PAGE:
- DPI to provide the FCRSC with a soft copy excel spreadsheet that contains the proposed levies.
- The Chair to seek the Minister's advice via the Chair's summary on the opportunity to consult with wider industry on the proposed levies prior to the RIS being released for public consultation.
- Industry members and the SIV permanent observer to review the two GVP discussion papers and provide feedback to DPI prior to the next FCRSC meeting.
- DPI to clarify how it will collect GVP data on Victoria's fisheries in the future and as the prospective cost recovery system is implemented.
- DPI to include available GVP data on the proposed levies spreadsheet to determine levies as a percentage of GVP.
- DPI to seek feedback on the allocation of costs between licence and quota holders within the Rock Lobster (WZ) fishery from the FCRSC member affiliated with this fishery.
- DPI to include information regarding the allocation of costs within these fisheries as a footnote in the RIS, thereby enabling all affected licence holders to review and/or provide comment.
- DPI to clarify the why there is a difference in research costs between the Gippsland Lakes and Corner Inlet fisheries.
- DPI to review the compliance costs attributed to the scallop fishery in view of the zero TACC at present.
- DPI to amend the proposed levies spreadsheet to reflect the FCRSC's advice that if a levy is decreasing, then it should be effected in the first year of phase-in.
- Abalone industry advisor to confirm whether all four abalone members/advisors to the FCRSC have changed their previously stated position, and now support the proposed compliance concessions for the three abalone fisheries.
5(b) Regulation construction
There is a need for The Victorian Fisheries Authority to provide advice to DPI's legislative services branch with detailed instructions on the drafting of new regulations.
That the FCRSC discuss the process required to introduce the proposed prospective cost recovery system into regulation.
- DPI tabled a paper outlining the nature of amendments to existing regulations required to introduce the proposed prospective cost recovery system.
- The FCRSC noted the regulatory amendments required to introduce the proposed prospective cost recovery system.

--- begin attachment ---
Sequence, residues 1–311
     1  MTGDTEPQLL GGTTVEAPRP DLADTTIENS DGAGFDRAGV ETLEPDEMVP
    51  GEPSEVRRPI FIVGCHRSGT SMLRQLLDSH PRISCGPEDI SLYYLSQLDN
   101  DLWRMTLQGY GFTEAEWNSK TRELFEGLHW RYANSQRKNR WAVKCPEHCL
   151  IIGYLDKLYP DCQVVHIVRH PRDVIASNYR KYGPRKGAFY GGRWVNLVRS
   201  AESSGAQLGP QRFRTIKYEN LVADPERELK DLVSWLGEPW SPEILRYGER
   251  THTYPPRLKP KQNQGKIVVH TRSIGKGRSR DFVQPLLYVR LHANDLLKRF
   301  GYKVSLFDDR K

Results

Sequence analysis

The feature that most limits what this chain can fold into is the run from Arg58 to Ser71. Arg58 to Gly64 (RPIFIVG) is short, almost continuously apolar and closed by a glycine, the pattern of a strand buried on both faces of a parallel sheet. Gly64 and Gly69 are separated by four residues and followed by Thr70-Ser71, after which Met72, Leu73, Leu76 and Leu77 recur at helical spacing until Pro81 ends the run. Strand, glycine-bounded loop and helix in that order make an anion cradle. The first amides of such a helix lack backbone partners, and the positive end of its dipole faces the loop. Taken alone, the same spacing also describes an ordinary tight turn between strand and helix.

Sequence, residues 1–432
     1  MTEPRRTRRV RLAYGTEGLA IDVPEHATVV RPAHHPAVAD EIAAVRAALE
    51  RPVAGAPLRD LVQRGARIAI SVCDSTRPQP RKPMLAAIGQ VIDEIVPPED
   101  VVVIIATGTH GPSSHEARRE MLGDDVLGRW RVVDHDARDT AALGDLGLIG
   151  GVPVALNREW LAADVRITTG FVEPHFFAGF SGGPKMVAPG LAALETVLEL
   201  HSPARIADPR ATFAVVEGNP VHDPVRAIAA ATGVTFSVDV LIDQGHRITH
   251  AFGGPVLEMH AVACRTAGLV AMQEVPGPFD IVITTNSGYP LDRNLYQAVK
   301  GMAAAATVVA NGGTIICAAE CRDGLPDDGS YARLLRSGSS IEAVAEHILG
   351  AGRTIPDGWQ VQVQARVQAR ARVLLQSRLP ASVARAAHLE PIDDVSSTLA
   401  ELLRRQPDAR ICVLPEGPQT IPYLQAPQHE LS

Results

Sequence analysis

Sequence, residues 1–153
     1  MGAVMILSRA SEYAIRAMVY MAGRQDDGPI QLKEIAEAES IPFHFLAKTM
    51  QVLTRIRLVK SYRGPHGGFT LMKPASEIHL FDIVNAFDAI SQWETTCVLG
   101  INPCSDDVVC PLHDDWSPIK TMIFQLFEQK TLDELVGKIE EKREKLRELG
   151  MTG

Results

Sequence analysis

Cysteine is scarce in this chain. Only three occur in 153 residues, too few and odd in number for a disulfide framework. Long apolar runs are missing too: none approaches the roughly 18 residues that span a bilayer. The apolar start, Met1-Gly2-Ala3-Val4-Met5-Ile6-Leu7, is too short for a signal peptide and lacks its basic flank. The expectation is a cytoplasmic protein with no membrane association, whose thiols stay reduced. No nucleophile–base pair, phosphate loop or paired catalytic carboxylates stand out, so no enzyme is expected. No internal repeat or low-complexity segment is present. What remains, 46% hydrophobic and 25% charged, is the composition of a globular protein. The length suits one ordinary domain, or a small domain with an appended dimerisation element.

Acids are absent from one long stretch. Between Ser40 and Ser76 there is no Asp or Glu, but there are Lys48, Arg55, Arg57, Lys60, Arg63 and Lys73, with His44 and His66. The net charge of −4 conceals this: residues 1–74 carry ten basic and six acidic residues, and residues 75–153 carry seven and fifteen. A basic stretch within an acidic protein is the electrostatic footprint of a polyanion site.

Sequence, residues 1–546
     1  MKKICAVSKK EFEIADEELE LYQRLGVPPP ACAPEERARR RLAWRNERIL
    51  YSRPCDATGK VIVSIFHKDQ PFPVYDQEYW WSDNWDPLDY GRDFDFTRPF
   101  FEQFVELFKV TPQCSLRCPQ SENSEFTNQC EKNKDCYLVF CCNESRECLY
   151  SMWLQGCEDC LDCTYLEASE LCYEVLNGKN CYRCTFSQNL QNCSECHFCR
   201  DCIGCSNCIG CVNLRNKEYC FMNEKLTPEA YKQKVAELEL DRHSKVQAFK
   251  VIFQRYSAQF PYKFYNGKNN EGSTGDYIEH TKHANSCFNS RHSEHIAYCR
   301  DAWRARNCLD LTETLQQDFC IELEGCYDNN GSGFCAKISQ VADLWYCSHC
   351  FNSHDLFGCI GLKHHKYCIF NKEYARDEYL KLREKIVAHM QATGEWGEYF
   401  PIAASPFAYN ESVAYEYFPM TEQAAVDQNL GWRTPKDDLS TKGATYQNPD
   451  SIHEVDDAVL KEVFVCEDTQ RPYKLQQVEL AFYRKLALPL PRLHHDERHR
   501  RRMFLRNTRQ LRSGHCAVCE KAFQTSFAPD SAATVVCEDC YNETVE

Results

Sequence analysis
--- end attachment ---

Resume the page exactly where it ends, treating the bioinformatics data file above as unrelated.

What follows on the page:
5(c) Regulatory Impact Statement process
The purpose of the Regulatory Impact Statement (RIS) process is to ensure that regulation is only implemented or amended when there is a justified need; that only the most efficient forms of regulation are adopted; and that there is an adequate level of public consultation in the development of regulatory measures.
A RIS is required for a statutory rule or legislative instrument (e.g. Regulations) that imposes a significant economic or social burden on a sector of the public. FV considers that a RIS is required for the proposed changes in the cost recovery levies.
The RIS is assessed by the Victorian Competition and Efficiency Commission (VCEC). VCEC provides independent advice about the adequacy of the analysis in the RIS (rather than the merits of the proposal) against the requirements of the Subordinate Legislation Act 1994 and the Victorian Guide to Regulation.
DPI have engaged external providers to prepare a RIS for the proposed changes to the Fisheries (Fees, Royalties and Levies) Regulations 2008. The RIS providers will attend FCRSC #31 to further describe the RIS process and content of the RIS. Once VCEC have assessed the RIS it will be put out for public comment. Summarised public submissions on and comments on the RIS will be discussed with FCRSC prior to briefing the Minister.
- The FCRSC noted that the RIS would contain dollar amounts, not fee units, but that the regulations would continue to be expressed as fee units.
6. Other Business
At FCRSC meeting #25, the FCSRC discussed and agreed upon both the actions that need to be completed in order to meet the Minister's stated intention to implement a new cost recovery regime by 1 April 2014, and the timeline required to complete those actions.
2006/07 Cost recovery fully phased in
|2007/08 & 2008/09 based on FACS data
|2009/10, 2010/11, 2011/12 & 2012/13 levies rolled over by CPI
|2014/15 levies - Yr 1 of prospective system 30% (1st trial Year)